Art. Culture. Life.

LQAF Gallery Spotlight: Alexis Silk

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La Quinta Arts Festival artist Alexis Silk works in molten glass and metal to create figurative work that’s timeless yet thought provoking.  

Background and Education

Born in Seattle in 1983, Alexis moved to Berkeley California when she was 10 years old. In 2001 she entered the School of the Art Institute of Chicago (SAIC). She quickly identified sculpture as her passion with a focus in foundry. In addition to working at SAIC in cast bronze, she traveled to various countries to explore the more extreme process of working in cast iron. In 2004 she spent six months studying sculpture and learning to fire dance in Madrid, Spain. This experience was both exhilarating and profoundly expanding.

Her career in glassblowing began at Ox-Bow Art School in Saugatuck Michigan, working with glass artist Jerry Catania. Working independently at Chicago Hot Glass and at Pilchuck Glass School with Boyd Sugiki, she developed her glassblowing skills. Meanwhile, at Pilchuck Glass School, she was inspired by the sculptural work of Pino Signoretto. His work exemplified a perfect intersection of her passion for working in hot glass, her life-long fascination with the human figure, and her desire for conceptual expression in her work.

Since receiving her BFA from the School of the Art Institute of Chicago in 2005, she has continued to study under glass masters such as Pino Signoretto, Richard Royal and Boyd Sugiki. She has been working full time as an artist since 2006.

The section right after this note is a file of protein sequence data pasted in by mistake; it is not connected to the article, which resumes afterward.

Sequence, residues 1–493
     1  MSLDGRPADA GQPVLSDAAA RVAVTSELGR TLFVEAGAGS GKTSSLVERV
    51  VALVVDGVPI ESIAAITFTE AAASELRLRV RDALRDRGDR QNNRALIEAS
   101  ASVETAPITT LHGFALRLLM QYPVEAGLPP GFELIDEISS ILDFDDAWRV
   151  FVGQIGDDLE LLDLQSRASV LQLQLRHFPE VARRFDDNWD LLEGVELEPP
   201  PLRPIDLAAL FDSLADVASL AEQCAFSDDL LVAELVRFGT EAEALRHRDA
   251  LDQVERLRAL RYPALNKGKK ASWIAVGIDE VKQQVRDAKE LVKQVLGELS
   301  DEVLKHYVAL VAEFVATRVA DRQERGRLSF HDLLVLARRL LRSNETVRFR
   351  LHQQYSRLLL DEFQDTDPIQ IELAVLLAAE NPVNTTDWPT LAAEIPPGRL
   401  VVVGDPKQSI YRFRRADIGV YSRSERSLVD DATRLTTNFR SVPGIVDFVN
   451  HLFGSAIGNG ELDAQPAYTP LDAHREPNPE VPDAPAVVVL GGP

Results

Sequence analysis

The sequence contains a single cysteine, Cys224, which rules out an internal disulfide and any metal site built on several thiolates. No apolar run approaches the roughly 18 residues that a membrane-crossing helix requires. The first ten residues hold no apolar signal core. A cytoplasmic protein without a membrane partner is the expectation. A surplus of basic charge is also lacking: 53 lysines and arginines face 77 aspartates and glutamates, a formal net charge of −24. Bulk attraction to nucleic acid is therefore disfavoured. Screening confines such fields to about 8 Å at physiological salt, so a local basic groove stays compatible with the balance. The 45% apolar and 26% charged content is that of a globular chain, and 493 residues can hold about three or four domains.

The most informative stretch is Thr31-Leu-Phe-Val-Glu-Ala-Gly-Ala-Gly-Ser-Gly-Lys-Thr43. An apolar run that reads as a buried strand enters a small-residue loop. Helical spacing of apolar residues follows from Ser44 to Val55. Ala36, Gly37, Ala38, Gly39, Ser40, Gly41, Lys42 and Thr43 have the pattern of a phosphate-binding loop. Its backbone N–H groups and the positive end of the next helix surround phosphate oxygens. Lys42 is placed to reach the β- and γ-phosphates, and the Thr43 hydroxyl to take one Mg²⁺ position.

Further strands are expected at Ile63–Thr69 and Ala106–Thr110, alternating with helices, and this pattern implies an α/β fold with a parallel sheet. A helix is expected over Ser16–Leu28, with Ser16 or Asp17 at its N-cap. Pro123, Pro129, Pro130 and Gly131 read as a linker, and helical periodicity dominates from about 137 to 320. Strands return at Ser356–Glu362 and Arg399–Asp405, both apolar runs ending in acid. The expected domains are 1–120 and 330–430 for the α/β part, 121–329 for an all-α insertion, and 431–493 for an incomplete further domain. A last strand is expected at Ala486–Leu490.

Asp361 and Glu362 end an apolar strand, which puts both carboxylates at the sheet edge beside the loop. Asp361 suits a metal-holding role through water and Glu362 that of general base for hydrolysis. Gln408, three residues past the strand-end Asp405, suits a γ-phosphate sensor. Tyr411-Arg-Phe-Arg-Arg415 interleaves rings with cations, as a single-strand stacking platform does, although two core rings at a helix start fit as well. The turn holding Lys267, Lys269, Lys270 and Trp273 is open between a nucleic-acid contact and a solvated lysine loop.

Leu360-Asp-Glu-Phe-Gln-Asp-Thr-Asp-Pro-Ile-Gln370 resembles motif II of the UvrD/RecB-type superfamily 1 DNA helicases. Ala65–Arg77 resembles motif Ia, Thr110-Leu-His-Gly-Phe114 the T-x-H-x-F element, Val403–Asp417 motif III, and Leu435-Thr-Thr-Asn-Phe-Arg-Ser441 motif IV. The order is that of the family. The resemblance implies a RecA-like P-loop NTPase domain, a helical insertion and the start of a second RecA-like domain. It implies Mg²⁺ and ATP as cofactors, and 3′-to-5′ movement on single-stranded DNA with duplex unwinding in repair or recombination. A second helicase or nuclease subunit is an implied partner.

Alexis Silk with patrons at La Quinta Arts Festival 2018


Techniques and Concepts

As a student of human form, Silk combines her knowledge of anatomy with her passion for fire to create female and male figures in cast metal and blown or solid glass. Her glass figures are sculpted free-hand while the glass is hot, without the use of molds. Many works incorporate steel frames or bases fabricated by the artist; some include found industrial hooks. With work ranging in scale to life size torsos hanging in six foot tall steel frames, her largest figures are close to half her body weight and take a team of six assistants to handle the glass while she sculpts it.  
 

Alexis enjoys playing with a tension of opposites: classical/modern, fragile/strong, funny/serious–with emotions ranging from anger to whimsy to love. In her work, the artist also explores the interrelationship of humans, nature and industry. 

Her winged figure series was originally inspired by techniques she learned while in Murano, Italy, and by the rich, classical and religious influences that permeate Italian culture.  Alexis is currently splitting her time working between Murano, Italy, and the United States.  

View her art in her LQAF.com Artist Gallery.